Swissmedic Invokes Rapid Authorization Procedures For Prochymal Review
Therapeutics, Inc. (NASDAQ: OSIR) announced today that it has been
notified by Swissmedic, the Swiss agency responsible for the evaluation
of drugs, that Prochymal®
(remestemcel-L) will be evaluated under...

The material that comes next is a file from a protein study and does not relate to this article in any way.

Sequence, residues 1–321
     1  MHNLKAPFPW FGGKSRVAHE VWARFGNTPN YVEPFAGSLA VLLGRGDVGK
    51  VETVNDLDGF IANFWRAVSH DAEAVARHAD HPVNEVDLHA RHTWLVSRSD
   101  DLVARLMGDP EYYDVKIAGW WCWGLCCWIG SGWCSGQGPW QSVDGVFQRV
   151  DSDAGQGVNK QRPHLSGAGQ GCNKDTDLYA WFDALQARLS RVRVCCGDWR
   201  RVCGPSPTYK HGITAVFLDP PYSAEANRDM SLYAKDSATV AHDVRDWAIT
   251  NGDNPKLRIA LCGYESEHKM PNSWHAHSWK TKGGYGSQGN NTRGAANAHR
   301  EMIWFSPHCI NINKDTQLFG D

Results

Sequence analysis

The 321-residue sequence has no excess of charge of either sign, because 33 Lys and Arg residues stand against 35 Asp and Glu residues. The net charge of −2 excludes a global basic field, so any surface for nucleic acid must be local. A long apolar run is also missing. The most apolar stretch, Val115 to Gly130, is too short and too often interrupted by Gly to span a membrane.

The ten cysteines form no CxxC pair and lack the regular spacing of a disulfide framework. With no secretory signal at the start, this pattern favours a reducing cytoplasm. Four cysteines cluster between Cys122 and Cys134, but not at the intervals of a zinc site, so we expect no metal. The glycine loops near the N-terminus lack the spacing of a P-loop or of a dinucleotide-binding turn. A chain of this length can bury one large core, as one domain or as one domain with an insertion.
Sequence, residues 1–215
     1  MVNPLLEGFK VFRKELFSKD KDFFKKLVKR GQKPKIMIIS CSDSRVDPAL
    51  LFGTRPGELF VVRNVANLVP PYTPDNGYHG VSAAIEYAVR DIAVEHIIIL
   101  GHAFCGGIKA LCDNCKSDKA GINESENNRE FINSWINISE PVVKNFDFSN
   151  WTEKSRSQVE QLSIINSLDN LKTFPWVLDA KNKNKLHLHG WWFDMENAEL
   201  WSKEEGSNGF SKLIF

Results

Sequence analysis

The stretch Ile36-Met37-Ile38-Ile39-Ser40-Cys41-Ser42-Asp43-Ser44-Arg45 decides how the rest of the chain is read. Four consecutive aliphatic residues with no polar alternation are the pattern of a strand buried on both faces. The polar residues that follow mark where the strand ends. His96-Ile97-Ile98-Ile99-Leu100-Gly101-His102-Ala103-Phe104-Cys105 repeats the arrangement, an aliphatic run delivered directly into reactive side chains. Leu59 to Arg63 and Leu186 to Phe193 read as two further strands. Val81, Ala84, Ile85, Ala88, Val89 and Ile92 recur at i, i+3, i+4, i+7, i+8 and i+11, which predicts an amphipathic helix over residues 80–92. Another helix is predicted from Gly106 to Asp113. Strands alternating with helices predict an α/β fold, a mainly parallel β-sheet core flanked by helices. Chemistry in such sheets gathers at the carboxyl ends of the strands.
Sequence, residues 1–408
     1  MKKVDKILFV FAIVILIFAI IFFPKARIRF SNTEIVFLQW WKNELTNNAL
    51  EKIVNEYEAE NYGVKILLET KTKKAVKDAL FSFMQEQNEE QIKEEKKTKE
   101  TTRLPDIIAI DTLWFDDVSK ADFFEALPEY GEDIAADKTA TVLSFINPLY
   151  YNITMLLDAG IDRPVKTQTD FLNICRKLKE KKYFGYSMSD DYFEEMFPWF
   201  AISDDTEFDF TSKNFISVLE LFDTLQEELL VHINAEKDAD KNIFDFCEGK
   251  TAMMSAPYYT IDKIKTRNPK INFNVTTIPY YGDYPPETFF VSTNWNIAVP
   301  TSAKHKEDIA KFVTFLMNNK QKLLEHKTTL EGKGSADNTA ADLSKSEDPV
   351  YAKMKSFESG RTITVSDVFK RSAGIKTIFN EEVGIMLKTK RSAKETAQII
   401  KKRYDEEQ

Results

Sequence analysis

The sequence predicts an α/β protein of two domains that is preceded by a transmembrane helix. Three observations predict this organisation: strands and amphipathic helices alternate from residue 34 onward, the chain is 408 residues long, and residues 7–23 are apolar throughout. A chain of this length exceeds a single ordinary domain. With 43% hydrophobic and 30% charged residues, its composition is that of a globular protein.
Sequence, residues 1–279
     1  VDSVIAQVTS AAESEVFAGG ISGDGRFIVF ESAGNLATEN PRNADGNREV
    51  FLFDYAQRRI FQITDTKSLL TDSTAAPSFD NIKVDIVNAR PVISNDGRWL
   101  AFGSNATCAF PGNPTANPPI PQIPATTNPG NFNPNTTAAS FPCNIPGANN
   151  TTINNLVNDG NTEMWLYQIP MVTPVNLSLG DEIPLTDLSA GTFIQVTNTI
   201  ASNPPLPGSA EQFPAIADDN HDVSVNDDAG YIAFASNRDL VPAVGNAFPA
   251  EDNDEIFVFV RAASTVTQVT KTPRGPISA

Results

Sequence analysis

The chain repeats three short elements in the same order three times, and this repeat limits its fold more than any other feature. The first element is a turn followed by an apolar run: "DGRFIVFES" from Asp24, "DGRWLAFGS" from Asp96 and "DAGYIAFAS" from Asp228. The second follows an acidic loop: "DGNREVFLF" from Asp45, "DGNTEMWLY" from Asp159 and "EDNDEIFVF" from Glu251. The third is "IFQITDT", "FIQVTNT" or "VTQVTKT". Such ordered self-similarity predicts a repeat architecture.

Osiris Therapeutics, Inc. (NASDAQ: OSIR) announced today that it has been notified by Swissmedic, the Swiss agency responsible for the evaluation of drugs, that Prochymal® (remestemcel-L) will be evaluated under its Rapid Authorization Procedures. This designation, also known in Switzerland as Fast Track, typically cuts the evaluation period for promising new drugs in half. Swissmedic approved the use of the Rapid Authorization Procedures following an initial review of summary clinical data for Prochymal used for the management of acute graft-versus-host disease (GvHD). Use of the Rapid Authorization Procedures is only permitted if the clinical data demonstrates a high potential for benefit for a severe, disabling or life-threatening disease, and where no alternative treatment option exists. As a result of this decision, Osiris intendeds to promptly submit the full Common Technical Document to Swissmedic in the electronic or eCTD format to facilitate review. The Common Technical Document for Prochymal contains over 90,000 pages of data on the stem cell drug and is similar to the applications filed in Canada and New Zealand. Prochymal is now approved in Canada and New Zealand, and is currently available in seven other countries, including the United States, under an Expanded Access Program. About GvHD GvHD represents a major unmet medical need with no approved treatment until Prochymal. GvHD is the leading cause of transplant related mortality, in which immune cells contained within the transplanted marrow recognize the recipient as foreign and mount an immunologic attack. Severe GvHD can cause blistering of the skin, intestinal hemorrhage and liver failure. Severe GvHD is extremely painful and fatal in up to 80 percent of cases. Currently, steroids are used as first-line therapy with a success rate of only 30-50 percent. When steroids fail, treatment options are limited to immunosuppressive agents used off-label with little benefit and significant toxicities.